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Online reviews: Why they matter to your reputation and your bottom line

Managing online reviews

Reviews build trust, as consumers are becoming more skeptical of what a brand says about their product. Positive reviews can mean the difference between a client picking you over your competitor.
Reviews build trust, as consumers are becoming more skeptical of what a brand says about their product. Positive reviews can mean the difference between a client picking you over your competitor.

As a retail jeweller, are you currently enabling people to post a review about your business? If you’re not, before you hit the panic switch, be armed with a few facts. First of all, it’s not necessary for you to be on every review platform. Facebook and Google Business reviews are the most common and easiest to set up. Reviews are good for search engine optimization (SEO), help people find your business online, and are perfect for new customer acquisition. For example, Google Places displays reviews along with search results. Try searching for something right now. See? Also, businesses with higher ratings typically draw more clicks. Think about it—if you’re a pretty good cook, you’re more likely to try a recipe with great reviews before you serve it to friends or guests at a party. Yelp is used in some geographic areas, such as the west coast of the United States, though mainly by restaurants and tourist and vacation destinations. It may not be relevant or valuable for you to be on this platform. Overall, do a little homework on your own before you commit.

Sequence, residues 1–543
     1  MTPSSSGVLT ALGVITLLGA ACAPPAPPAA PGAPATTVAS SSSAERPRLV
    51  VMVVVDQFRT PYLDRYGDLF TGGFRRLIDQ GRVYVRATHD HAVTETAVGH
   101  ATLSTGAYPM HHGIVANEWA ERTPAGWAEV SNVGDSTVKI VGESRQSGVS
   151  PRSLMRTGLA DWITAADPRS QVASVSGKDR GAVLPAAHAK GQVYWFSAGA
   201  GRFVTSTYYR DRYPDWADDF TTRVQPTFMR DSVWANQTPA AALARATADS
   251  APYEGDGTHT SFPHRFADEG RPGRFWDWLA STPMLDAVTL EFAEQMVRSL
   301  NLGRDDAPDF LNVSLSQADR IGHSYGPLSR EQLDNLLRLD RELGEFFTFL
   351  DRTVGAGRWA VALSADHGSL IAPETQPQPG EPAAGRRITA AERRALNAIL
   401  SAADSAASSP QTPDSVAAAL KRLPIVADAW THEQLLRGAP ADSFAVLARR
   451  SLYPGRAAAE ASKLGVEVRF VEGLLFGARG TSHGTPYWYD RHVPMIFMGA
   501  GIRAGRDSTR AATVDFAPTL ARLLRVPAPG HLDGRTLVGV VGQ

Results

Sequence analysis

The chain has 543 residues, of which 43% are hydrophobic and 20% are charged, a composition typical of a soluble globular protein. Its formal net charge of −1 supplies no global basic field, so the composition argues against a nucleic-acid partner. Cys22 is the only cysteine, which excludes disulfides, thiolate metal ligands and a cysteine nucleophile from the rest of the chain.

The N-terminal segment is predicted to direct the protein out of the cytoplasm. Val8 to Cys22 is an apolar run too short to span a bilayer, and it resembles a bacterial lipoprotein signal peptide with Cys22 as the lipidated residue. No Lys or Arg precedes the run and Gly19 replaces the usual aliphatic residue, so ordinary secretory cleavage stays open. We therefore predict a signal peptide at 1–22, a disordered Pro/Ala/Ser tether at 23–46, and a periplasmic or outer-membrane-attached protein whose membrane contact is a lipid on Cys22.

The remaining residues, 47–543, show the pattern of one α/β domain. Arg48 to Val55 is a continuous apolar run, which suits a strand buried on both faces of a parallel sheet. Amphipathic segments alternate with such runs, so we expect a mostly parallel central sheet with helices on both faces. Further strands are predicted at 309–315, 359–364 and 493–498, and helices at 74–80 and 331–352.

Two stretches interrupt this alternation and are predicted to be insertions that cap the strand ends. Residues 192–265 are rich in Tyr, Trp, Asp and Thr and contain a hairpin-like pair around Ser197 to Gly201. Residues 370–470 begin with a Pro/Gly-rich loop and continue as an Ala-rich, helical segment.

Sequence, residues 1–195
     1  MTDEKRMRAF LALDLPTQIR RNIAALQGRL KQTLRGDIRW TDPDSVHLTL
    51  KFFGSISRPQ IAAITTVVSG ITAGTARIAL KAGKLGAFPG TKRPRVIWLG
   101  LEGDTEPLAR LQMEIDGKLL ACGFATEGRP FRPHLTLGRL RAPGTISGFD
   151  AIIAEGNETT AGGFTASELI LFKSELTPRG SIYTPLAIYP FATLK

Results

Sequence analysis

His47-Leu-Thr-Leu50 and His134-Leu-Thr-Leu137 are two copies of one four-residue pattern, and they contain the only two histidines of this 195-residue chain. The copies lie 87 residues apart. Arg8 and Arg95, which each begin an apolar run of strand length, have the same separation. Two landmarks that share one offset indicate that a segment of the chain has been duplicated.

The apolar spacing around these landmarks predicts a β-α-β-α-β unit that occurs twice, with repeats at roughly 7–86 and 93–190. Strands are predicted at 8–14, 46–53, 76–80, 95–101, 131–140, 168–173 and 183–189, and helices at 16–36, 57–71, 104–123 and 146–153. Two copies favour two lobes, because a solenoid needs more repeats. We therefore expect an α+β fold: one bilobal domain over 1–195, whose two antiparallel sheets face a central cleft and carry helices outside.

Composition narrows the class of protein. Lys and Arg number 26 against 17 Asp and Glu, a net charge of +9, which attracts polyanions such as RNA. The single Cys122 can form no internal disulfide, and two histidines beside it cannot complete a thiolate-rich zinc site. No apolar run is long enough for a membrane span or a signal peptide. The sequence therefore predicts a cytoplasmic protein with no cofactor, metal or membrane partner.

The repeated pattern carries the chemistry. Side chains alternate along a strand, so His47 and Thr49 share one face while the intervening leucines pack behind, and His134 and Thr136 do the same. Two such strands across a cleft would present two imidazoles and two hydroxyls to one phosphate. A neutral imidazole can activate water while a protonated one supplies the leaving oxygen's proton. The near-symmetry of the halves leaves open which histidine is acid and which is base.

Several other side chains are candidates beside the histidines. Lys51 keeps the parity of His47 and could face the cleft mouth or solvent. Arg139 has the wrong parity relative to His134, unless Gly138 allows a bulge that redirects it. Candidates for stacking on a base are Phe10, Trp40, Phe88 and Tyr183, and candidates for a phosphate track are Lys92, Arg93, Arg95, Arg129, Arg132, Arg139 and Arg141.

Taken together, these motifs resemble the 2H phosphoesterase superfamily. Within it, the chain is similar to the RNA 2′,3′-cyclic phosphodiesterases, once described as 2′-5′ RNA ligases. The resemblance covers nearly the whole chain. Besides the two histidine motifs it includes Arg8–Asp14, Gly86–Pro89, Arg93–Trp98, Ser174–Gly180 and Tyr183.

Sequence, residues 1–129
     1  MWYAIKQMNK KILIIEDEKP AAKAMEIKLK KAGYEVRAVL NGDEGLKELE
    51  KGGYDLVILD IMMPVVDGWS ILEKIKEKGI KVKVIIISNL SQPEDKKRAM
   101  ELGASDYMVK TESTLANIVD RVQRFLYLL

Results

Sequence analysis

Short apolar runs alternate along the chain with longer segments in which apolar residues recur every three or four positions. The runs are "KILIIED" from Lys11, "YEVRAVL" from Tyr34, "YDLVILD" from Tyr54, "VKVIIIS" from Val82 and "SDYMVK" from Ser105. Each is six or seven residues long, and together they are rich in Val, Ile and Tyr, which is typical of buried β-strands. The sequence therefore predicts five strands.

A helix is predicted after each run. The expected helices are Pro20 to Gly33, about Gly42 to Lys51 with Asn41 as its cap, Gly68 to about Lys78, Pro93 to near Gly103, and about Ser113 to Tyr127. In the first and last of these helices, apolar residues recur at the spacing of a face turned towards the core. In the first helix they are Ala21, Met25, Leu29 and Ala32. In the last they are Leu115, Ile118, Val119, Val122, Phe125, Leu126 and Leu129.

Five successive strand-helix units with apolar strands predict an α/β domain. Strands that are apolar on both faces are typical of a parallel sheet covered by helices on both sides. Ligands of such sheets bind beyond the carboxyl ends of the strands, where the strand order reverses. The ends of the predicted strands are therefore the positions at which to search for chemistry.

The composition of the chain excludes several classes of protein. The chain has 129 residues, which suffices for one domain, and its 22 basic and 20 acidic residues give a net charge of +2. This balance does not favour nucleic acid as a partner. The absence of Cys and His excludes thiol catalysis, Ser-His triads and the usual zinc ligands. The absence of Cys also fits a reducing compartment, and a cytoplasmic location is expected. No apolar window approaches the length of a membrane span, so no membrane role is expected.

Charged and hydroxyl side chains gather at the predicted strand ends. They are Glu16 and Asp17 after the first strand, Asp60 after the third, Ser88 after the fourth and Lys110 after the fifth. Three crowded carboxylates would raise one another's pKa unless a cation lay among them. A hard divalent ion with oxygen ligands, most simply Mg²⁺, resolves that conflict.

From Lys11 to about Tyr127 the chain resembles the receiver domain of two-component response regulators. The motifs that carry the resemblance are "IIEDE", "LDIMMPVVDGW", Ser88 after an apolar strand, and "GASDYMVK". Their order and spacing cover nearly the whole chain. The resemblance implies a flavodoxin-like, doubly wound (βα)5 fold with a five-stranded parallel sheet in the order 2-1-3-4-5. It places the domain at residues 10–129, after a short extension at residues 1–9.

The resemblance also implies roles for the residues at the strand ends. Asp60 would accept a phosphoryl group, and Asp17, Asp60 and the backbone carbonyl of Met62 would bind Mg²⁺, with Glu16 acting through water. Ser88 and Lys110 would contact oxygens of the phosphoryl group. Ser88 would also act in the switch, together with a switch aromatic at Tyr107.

That being said, be aware that although you may receive lots of great reviews, potential customers will likely pay more attention to bad ones. Rather than ignoring them, make sure you have administrative access to the social review platform you use so you can log in and engage with whoever has posted a negative comment. Before you reply, read what they have to say after taking a deep breath. Are you aware of the incident? Do you feel your customer was treated fairly from your perspective? Is this someone trying to stir up trouble? If you’re able to, post a response acknowledging the bad comment, but don’t get into an argument with a customer online. Rather, if possible, post a message to that person to arrange a date and time to speak, whether on the phone or in person. Follow up with a private message with the details of your meeting. Customers are looking for transparency and honesty, so be real in your interactions. Online searchers are smart enough to make a judgment in your favour if the majority of what is being said is good. And with the potential for an online review, you know you and your employees will work hard to keep them that way.

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